Down 1.5kg this week after a couple of stalls.  Halfway through P2 and I am starting to see my jawline again as the puffiness subsides.  Huzzah!


Phase 2 fat loss half way |


P2, Week 4

Well, this week’s been a mixed bag!  After the hunger of the first couple of weeks, I’ve been struggling to eat my second meal of the day.  I just didn’t really feel like it at all for a few days, but knew that insufficient protein can cause fluid retention & my body needs the nutrients from the veg.  My weight has been bouncing around after the steady losses of the first 3 weeks, with gains happening on the nights I get less than 7 hours sleep (usually more like 4-5 hours).  Sufficient sleep really does make such a massive difference on this protocol to regulate the metabolism & gut microbiome.  Thankfully, the gains were offset somewhat by some good losses (1.3kg one day, 700g a couple of days later).  On the day I dropped 700g, I also dropped into the 80’s, for a total loss from the start of 10.3kg.  Here’s Debra Messing reenacting my reaction (the subdued version, according to my daughter):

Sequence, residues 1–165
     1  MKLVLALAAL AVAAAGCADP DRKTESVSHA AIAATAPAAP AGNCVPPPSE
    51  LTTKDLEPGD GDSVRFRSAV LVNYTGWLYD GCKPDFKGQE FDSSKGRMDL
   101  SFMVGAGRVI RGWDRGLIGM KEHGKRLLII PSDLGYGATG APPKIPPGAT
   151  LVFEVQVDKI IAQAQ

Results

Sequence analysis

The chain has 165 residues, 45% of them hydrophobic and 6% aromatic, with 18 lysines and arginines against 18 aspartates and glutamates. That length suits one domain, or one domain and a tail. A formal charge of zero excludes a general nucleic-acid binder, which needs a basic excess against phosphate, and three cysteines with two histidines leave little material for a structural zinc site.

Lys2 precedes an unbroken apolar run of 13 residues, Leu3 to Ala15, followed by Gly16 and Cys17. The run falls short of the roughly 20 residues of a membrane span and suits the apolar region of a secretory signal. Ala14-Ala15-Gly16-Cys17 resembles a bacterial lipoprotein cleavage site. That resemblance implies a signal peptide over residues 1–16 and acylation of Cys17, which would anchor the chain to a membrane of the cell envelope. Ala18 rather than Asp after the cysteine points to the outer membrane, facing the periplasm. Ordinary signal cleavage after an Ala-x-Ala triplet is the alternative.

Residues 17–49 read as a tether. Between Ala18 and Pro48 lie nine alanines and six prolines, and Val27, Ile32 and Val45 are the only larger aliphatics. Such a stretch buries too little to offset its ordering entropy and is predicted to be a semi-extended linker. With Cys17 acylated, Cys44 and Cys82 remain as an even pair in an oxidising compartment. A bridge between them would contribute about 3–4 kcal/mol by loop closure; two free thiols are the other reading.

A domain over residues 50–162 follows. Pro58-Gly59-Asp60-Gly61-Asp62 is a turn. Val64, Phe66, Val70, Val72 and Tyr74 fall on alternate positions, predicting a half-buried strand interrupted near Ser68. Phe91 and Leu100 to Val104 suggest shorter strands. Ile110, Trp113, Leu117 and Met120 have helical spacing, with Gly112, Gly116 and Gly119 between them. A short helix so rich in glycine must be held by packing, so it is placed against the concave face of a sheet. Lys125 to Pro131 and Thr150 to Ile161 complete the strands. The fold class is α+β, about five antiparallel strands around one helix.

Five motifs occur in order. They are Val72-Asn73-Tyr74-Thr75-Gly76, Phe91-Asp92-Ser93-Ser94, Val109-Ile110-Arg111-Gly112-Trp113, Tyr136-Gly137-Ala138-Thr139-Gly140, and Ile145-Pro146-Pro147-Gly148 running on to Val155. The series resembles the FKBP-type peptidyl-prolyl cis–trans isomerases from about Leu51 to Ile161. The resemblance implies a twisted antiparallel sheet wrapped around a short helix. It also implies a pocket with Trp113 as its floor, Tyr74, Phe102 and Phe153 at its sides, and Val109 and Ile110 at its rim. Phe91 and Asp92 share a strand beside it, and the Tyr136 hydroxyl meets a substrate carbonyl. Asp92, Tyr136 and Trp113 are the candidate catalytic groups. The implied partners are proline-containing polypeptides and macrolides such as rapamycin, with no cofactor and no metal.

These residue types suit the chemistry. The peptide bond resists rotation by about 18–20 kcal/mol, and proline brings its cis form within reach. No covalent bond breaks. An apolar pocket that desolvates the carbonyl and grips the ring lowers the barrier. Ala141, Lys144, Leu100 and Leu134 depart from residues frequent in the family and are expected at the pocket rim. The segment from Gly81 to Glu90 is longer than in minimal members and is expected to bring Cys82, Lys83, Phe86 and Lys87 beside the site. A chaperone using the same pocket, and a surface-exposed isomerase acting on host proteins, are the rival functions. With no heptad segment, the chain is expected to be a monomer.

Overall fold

However, this week also saw the return of headaches & dizziness, along with lower back pain and a short temper.  I was not eating any differently, but I did end up starting my cycle this week, which explained those symptoms, along with the yo-yoing weight.

One of the “free” foods we can test on the protocol is konjac noodles, but given they haven’t been good for me in previous rounds, I’ve avoided them, instead trying kelp noodles.  They are good for me!!!  It’s great to have them as an option when I want something a bit extra.

Onwards & downwards!
P2, Week 5